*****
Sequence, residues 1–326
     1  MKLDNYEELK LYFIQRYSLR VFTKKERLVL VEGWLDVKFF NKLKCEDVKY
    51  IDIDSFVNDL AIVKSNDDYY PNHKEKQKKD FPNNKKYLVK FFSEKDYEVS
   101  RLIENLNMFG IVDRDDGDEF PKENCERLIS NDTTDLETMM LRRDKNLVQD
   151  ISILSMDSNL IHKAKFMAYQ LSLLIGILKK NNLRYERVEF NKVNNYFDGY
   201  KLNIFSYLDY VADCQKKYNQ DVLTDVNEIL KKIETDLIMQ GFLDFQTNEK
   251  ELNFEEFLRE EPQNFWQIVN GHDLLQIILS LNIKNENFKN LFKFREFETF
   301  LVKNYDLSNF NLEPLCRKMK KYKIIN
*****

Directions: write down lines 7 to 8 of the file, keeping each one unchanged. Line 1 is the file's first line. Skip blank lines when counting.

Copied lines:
   251  ELNFEEFLRE EPQNFWQIVN GHDLLQIILS LNIKNENFKN LFKFREFETF
   301  LVKNYDLSNF NLEPLCRKMK KYKIIN